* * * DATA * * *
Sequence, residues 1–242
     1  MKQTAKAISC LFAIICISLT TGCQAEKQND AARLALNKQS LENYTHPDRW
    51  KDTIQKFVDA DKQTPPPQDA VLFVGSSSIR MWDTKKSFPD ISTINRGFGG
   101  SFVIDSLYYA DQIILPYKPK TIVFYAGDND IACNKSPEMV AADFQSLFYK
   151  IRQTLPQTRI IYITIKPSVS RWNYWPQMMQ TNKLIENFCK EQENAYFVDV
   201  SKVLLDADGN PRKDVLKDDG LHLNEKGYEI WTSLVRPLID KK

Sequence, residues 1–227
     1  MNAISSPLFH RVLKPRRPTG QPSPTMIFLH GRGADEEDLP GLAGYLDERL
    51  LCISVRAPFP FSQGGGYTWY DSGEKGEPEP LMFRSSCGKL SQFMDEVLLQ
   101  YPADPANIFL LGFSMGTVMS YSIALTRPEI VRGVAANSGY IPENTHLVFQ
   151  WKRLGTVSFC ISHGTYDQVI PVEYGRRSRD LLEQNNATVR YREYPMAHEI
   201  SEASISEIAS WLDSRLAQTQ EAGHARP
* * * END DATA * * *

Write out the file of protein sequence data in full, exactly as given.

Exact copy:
Sequence, residues 1–242
     1  MKQTAKAISC LFAIICISLT TGCQAEKQND AARLALNKQS LENYTHPDRW
    51  KDTIQKFVDA DKQTPPPQDA VLFVGSSSIR MWDTKKSFPD ISTINRGFGG
   101  SFVIDSLYYA DQIILPYKPK TIVFYAGDND IACNKSPEMV AADFQSLFYK
   151  IRQTLPQTRI IYITIKPSVS RWNYWPQMMQ TNKLIENFCK EQENAYFVDV
   201  SKVLLDADGN PRKDVLKDDG LHLNEKGYEI WTSLVRPLID KK

Sequence, residues 1–227
     1  MNAISSPLFH RVLKPRRPTG QPSPTMIFLH GRGADEEDLP GLAGYLDERL
    51  LCISVRAPFP FSQGGGYTWY DSGEKGEPEP LMFRSSCGKL SQFMDEVLLQ
   101  YPADPANIFL LGFSMGTVMS YSIALTRPEI VRGVAANSGY IPENTHLVFQ
   151  WKRLGTVSFC ISHGTYDQVI PVEYGRRSRD LLEQNNATVR YREYPMAHEI
   201  SEASISEIAS WLDSRLAQTQ EAGHARP